A man died this Monday after suffering a wasp sting in the Murcian district of La Alberca. He was in the vicinity of the Makro supermarket when, at around 8:20 a.m., he suffered the insect sting and fainted in the road.

A Mobile Emergency ambulance was moved to the scene where it was found that the man suffered a cardiac arrest. The paramedics performed cardiopulmonary resuscitation on him for more than 35 minutes, but they were unable to save his life.

It was subsequently found that the man was allergic to wasp stings.

A National Police patrol was mobilized to the scene, as well as a coroner from the judicial authority who was able to remove the body.

Serious reactions to wasp stings increase by 20%

Serious allergic reactions due to wasp and bee stings have increased by around 20% in the last ten years, according to the Ministry of Health. Most of these cases occur during the summer, when these insects are more active and more outdoor activities are carried out.

A spokesman for the Ministry said that it is advised to look closely at the bite: a local reaction of up to 10 centimetres with some pain or discomfort can be considered to be normal and not excessively worrying, but if the reaction covers a larger area or presents symptoms such as a generalized rash dizziness, nausea, vomiting, a feeling of suffocation or hypotension, you should consult an allergist, as these are symptoms that are considered serious.

In the case of any insect bite, the first measure is to thoroughly wash the area with water. In the case of specific stings such as bee stings, they usually leave in the stinger, so it is necessary to carefully remove it without causing it to break. After washing with water, a cold flannel, ice or a compress, can be applied to the area for a few minutes to relieve pain and inflammation.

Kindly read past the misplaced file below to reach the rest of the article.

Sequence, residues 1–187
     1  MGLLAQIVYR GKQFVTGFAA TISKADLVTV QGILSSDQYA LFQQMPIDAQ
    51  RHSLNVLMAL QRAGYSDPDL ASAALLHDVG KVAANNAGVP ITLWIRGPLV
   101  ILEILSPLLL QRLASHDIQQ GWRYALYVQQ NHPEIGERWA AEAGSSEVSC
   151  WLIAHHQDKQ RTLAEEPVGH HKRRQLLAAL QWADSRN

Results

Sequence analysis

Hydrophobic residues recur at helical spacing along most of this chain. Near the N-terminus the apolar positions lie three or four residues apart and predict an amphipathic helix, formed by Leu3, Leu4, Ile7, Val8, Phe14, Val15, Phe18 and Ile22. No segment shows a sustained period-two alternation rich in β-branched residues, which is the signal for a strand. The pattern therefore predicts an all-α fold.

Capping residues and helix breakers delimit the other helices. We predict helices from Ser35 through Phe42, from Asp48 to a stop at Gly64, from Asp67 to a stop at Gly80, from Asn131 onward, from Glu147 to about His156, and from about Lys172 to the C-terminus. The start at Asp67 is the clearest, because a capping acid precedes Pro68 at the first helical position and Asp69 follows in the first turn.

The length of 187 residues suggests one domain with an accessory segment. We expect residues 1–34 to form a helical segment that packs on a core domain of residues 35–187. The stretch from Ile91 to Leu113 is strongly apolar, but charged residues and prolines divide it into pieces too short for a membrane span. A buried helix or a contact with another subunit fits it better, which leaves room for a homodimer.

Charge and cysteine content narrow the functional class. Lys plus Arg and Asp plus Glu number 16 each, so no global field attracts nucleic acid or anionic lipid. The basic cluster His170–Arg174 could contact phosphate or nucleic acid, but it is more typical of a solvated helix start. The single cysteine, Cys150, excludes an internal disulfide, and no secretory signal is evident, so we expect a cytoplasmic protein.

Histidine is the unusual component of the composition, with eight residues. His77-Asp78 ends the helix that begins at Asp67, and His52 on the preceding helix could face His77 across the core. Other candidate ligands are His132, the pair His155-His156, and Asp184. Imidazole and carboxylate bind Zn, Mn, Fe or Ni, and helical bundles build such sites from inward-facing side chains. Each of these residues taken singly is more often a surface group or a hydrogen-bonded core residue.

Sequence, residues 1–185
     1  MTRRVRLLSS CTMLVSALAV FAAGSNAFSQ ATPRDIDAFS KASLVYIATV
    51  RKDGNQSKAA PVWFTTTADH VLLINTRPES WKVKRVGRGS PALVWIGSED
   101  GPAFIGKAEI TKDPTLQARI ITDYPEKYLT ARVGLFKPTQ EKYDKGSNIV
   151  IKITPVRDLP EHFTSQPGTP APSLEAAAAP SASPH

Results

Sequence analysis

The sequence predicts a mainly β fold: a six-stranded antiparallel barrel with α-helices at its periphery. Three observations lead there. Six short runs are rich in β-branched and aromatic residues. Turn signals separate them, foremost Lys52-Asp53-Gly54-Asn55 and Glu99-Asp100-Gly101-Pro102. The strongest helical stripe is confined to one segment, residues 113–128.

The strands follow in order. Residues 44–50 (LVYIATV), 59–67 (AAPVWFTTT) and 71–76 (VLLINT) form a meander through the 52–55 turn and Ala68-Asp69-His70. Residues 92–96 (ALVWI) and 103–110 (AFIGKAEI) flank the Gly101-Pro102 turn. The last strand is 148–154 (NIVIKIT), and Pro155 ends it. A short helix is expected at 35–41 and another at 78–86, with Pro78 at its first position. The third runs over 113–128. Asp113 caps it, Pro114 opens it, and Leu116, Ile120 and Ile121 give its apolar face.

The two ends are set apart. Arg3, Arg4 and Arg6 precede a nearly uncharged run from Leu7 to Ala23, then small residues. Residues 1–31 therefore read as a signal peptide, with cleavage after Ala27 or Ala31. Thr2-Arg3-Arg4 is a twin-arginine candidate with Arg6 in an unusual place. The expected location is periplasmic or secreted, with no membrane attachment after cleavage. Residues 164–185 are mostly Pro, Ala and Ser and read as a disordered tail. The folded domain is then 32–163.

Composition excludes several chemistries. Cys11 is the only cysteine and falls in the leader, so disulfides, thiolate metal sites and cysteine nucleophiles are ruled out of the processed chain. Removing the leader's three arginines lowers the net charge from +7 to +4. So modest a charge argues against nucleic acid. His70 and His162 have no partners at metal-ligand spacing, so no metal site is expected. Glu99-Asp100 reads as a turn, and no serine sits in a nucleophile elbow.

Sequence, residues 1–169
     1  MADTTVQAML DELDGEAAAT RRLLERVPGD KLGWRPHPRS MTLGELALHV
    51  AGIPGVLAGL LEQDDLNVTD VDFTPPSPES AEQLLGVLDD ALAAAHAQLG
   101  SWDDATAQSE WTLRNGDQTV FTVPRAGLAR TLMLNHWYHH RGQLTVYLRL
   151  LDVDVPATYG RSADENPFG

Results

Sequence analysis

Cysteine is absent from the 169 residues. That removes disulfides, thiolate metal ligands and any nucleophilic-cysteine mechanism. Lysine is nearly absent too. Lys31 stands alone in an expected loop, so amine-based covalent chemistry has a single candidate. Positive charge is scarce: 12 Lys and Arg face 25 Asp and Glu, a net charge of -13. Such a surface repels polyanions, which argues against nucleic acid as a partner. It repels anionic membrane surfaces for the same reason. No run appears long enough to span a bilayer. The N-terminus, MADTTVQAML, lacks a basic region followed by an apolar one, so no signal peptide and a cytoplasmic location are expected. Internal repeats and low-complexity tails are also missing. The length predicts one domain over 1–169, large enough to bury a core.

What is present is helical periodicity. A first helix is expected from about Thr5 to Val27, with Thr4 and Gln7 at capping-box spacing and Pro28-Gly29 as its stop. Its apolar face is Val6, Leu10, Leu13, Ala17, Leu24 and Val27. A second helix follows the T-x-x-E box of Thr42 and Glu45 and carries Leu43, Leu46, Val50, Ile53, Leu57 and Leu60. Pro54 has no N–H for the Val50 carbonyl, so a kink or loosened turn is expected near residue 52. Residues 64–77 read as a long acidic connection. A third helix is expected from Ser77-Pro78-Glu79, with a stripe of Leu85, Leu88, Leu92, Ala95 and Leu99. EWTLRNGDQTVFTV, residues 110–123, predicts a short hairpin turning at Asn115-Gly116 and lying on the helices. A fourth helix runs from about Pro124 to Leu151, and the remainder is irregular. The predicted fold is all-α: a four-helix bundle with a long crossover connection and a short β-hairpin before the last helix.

In case of local reactions, it is advisable to apply an ammonia-based cream or liquid to reduce the effect. You can also take an antihistamine, but always under medical prescription.

Looking ahead to the summer season, allergists recommend extreme caution when outdoors and say that people should avoid, as far as possible, eating in the open since, they warn, insects will always look for food.

In addition, on field trips, clothing that covers the skin should be worn, preferably with long sleeves, long pants and socks, and dark and bright colours should be avoided as these also attract mosquitoes.

Allergy specialists consider it advisable not to approach beehives or wasp nests and, if one of these insects lands on any part of the body, do not try to kill it or scare it away and remain still or make slow movements until it moves away.